What does HUD's insurance premium reversal mean for real estate?
The Federal Housing Administration, acting under the new administration on Friday, took measures to reverse a recently-announced policy decision by the Department of Housing & Urban Development.
Days before Donald Trump was sworn in as the 45th President, FHA made one last major policy decision under the former administration and that was to reduce the agency's annual mortgage insurance premium, but this policy was reversed, at least temporarily, by the new administration before it could have any major effect on the market.
"FHA is committed to ensuring its mortgage insurance programs remains viable and effective in the long term for all parties involved, especially our taxpayers," FHA said in a Friday release. "As such, more analysis and research are deemed necessary to assess future adjustments while also considering potential market conditions in an ever-changing global economy that could impact our efforts."
FHA will be under new leadership in 2017 as retired neurosurgeon and former presidential candidate Ben Carson awaits confirmation as the new HUD Secretary.
While the initial announcement was not expected to move the homeownership needle in a profound way, it was seen as an indicator of continued confidence in the FHA program and possibly a reason for more buyers to enter the market in 2017.
On Jan. 9, former HUD Secretary Julian Castro announced the agency's intention to lower its annual mortgage insurance premium by 25 basis points.
"This is a fiscally responsible measure to price our mortgage insurance in a way that protects our insurance fund while preserving the dream of homeownership for credit-qualified borrowers," Castro said at the time.
FHA announced in November that its Mutual Mortgage Insurance Fund was on stable footing, a recent article by the Alabama Center for Real Estate noted.
In 2015, an FHA report showed the MMIF achieved a 2 percent capital reserve ratio for the first time since the recession.
According to the National Association of Realtors, at the time, this was a solid indicator the fund had strongly rebounded.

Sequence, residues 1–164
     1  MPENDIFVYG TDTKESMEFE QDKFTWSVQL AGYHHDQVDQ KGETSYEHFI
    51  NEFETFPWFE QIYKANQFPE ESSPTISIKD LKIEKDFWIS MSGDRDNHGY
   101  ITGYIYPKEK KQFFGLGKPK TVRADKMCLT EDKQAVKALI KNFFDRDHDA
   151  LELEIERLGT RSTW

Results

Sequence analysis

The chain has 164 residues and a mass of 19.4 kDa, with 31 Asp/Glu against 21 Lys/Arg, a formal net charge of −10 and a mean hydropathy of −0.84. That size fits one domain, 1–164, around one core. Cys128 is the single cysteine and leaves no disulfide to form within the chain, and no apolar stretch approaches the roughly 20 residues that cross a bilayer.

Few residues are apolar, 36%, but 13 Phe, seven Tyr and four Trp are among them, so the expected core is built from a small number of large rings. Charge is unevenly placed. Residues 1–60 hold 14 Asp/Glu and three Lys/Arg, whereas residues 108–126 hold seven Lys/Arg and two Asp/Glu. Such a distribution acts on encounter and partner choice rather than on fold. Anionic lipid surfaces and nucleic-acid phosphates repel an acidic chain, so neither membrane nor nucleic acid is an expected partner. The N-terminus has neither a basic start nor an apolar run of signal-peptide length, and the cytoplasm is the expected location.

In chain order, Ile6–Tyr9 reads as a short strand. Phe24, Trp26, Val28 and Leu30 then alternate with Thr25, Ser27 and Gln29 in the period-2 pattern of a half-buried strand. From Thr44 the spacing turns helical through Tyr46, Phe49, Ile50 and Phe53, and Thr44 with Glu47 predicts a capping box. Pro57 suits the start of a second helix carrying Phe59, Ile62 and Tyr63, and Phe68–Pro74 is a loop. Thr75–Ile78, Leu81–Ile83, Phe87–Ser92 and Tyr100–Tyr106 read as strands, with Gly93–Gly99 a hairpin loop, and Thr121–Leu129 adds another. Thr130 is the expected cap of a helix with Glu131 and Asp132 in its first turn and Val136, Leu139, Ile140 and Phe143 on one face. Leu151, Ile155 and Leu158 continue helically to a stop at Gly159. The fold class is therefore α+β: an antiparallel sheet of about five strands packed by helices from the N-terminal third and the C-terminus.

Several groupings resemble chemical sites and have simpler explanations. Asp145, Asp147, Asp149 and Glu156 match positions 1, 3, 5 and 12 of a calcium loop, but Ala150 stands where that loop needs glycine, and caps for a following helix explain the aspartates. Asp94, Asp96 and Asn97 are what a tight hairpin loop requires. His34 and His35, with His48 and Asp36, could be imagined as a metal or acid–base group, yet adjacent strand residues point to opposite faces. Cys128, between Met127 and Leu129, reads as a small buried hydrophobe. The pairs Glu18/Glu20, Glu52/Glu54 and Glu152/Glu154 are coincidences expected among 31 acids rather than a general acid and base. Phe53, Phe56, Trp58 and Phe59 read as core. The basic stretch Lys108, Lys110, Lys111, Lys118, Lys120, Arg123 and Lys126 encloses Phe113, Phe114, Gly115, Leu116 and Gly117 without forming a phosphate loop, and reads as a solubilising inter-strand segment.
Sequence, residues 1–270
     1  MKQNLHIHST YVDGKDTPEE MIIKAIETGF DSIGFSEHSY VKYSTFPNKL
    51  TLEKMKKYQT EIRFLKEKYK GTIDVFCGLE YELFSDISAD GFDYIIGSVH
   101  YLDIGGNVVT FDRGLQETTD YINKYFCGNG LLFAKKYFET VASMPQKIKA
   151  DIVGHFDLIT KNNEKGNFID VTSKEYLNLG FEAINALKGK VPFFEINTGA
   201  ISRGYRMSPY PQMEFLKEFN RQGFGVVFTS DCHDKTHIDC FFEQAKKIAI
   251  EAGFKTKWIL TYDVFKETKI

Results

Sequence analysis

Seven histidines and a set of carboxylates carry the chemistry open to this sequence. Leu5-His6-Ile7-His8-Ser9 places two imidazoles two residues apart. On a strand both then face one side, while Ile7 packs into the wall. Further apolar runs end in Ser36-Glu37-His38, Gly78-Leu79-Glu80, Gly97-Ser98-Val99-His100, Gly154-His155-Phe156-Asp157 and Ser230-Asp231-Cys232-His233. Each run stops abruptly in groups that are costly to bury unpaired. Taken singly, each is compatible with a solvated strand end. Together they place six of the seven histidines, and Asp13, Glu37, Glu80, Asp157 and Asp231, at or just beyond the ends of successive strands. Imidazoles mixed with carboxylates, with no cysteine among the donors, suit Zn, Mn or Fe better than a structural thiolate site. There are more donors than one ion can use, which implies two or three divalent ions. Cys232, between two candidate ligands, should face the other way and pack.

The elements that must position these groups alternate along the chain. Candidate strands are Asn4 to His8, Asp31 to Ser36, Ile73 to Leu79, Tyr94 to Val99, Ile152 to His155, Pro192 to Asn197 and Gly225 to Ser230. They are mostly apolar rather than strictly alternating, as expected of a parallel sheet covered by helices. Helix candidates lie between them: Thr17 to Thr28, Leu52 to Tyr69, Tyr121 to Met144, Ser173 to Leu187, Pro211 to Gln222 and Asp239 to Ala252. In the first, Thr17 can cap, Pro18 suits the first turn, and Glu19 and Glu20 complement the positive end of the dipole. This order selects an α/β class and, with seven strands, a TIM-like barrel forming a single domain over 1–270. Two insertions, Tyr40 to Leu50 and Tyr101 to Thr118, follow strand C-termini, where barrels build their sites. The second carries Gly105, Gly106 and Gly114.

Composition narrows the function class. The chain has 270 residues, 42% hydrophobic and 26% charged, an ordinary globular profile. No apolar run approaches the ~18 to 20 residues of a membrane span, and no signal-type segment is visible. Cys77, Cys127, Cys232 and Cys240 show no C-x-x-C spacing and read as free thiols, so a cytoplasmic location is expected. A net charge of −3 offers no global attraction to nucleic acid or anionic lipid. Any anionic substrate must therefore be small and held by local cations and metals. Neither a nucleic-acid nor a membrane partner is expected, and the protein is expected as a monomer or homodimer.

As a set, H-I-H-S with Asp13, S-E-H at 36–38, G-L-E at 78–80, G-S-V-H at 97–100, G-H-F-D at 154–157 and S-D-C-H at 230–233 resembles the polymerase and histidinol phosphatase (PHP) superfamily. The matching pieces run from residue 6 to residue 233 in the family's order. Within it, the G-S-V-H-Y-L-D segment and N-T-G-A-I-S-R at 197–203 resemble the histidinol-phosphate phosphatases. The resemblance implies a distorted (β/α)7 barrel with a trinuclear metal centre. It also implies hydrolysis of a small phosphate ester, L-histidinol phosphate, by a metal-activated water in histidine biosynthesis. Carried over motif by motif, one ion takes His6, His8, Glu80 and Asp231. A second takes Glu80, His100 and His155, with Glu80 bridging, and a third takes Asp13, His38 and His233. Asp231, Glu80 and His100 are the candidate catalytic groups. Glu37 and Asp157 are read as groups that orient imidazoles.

In November, FHA reported a 3.2 percent reserve ratio for the "forward" program, which encompasses FHA's non-Home Equity Conversion Mortgage portfolio.
According to a report from the Los Angeles Times, opposition to the originally proposed rate cut stemmed from the fact that the agency is less than five years (2013) removed from a $1.7 billion bailout facilitated by the U.S. Treasury, and the new administratin believes a premature decrease in the premium could put taxpayers on the hook if new loans generated under the lower insurance premiums began to default.
What Does The Suspension Mean for Real Estate?
Friday's announced suspension of the lowered insurance premium may not be permanent.
New FHA leadership is currently examining the Jan. 9 move and said it would issue a policy letter in the future if there was any change to its Friday ruling. If found to be on solid footing, the Obama administration policy could be reinstated.
“According to our estimates, roughly 750,000 to 850,000 homebuyers will face higher costs, and 30,000 to 40,000 new homebuyers will be left on the sidelines in 2017 without the cut," said William E. Brown, president of the National Association of Realtors in 2017, shortly after the announcement was made. "We’re disappointed in the decision but will continue making the case to reinstate the cut in the months ahead.”
Industry leaders have also noted the reversal of the premium decrease will likely not affect people who currently pay a monthly mortgage.
That being said, former FHA leadership saw this as an opportunity to show confidence in what it deemed to be a more sound program, which could have allowed more Americans to build wealth through homeownership.
"We've carefully weighed the risks associated with lower premiums with our historic mission to provide safe and sustainable mortgage financing to responsible homebuyers. Homeownership is the way most middle class Americans build wealth and achieve financial security for themselves and their families," Ed Golding, principal deputy assistant secretary for HUD's Office of Housing, said in the report.
No matter how small, some believed the new savings could have had an impact on home buying decisions in 2017, most notably, NAR's estimation that 30,000 to 40,000 potential home buyers could be left on the sidelines this year without the cut.
The move, however, was not a surprise to many. The new administration expressed a desire prior to Friday that it wanted to examine the new decrease before moving forward with it as policy.
It made good on its word on Friday.
The Mortgage Bankers Association said it intends to work with the new administration in order to ensure the stability and sustainability of the FHA program.
"We recognize the Administration's need to examine the overall health of the insurance program and weigh that against the benefits of lowering mortgage insurance premiums," said MBA President and CEO David H. Stevens in a statement. "Given that lenders have already started preparing for the MIP decrease, it is important that any new policy be implemented in a way that minimizes disruption for borrowers and lenders. MBA looks forward to working with the new Administration to ensure the long term stability of the FHA program, creating an environment that provides clarity in regulations for lenders while at the same time promoting access to credit and protecting consumers."